Israel Dispatch | The Hostage Dilemma: Is There Really No Price Bibi Will Pay?

By | Feb 05, 2024
Israel, Latest
A group of girls reading psalms

Daniel Lifshitz stands in the unrelenting, freezing rain outside the tent set up near Prime Minister Benjamin Netanyahu’s official residence in Jerusalem by family members of the hostages still captive in Gaza. 

Like the dozen or so others beside him, Lifshitz is holding a large sign. His has a picture of his grandfather, Oded Lifshitz, 83, who was seized by Hamas terrorists from his home on Kibbutz Nir Oz during the October 7 attack.

Oded Lifshitz and his wife, Yocheved, 85, were among the approximately 250 hostages that the terrorists captured on that day. Some 1,200 other people were also killed. Subsequently, one hostage was freed by the IDF forces, and dozens, including Yocheved Lifshitz, were released in a prisoner-exchange deal with Hamas in November. An estimated 136 hostages remain in Gaza; an unknown number, perhaps as many as 30, are presumed to be dead. Another three hostages had escaped their captors and were killed by Israeli soldiers who mistook them for militants.

“My grandparents are amazing people—proud Jews, Zionists and Israelis, dedicated to peace,” says Lifshitz, 35, a former goalie in Israel’s Premier Soccer League and currently a wine importer. “My grandfather is still there, somewhere in Gaza. He is elderly and he was wounded. All his life, he has been dedicated to human rights and peace, and he should be brought home immediately. All the hostages should be brought home—now.”

Armed guards prevent the family members from getting any closer to the prime minister’s residence. The traffic is heavy, and drivers honk loudly as they pass by. Lifshitz waves at them and says, “This is what I can do—stand here to make sure that the public never forgets our family members and to make sure that, when a deal comes to the table, Netanyahu and his government will take it and bring the hostages home, no matter what the price.”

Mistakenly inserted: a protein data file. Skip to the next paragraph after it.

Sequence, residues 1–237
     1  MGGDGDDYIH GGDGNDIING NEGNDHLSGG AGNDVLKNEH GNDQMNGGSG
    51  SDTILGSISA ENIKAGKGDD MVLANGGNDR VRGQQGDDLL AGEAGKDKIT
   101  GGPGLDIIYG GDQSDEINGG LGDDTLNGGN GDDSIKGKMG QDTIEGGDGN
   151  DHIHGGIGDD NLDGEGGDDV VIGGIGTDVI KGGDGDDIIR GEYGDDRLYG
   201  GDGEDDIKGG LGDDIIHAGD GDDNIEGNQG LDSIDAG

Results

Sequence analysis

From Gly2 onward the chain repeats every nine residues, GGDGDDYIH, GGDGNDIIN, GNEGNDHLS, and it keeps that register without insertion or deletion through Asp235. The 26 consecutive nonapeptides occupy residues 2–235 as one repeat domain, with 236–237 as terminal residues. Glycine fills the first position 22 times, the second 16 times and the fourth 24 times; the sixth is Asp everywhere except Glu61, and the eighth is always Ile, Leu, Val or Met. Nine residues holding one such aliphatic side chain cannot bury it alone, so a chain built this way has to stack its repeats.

Inside the tent, which was put up by the Hostages and Missing Families Forum, an ad hoc volunteer group that provides logistical support, along with PR, including visits abroad to Jewish communities and foreign government officials, and other services to the families, it is warm and crowded. A table is filled with coffee makers, regular milk, oat milk, teas and cookies (some marked gluten free). A dozen students from a nearby high school, accompanied by their teacher, have lugged over huge vats of steaming vegetable and lentil soup. In somber silence, they listen as a former hostage hesitantly talks about her experiences, repeating frequently, “It was so bad, it was so bad.”

A group of religious high school girls sit in a circle, fervently reciting psalms. They have come with their schoolmate Michal Cohen, whose brother Eliya, 27, is also a hostage in Gaza and hold signs with his picture. 

“I am so worried about my brother,” Michal, 17, says quietly. “It hurts so much. But the support of my friends and of the entire people of Israel gives us some comfort.”

Public Outcry for the Return of Hostages

Since the “Iron Swords” war began, Netanyahu has repeatedly stated that Israel has two intertwined and simultaneous goals: to wipe out Hamas and to bring the hostages home. Initially, there seemed to be extensive support for the two, bolstered by the fact that the army was able to extract one captive soldier in a daring rescue.

But as the fighting continues and the Israeli casualties—more than 200 at the time of writing—increase, there is growing doubt about whether Israel can actually decisively defeat and destroy Hamas. More than three months into the war, which has killed over 25,000 in Gaza, Hamas is still standing and firing rockets into Israel. While Israel has assassinated mid-level Hamas commanders, Hamas leaders are still alive and able to call the shots.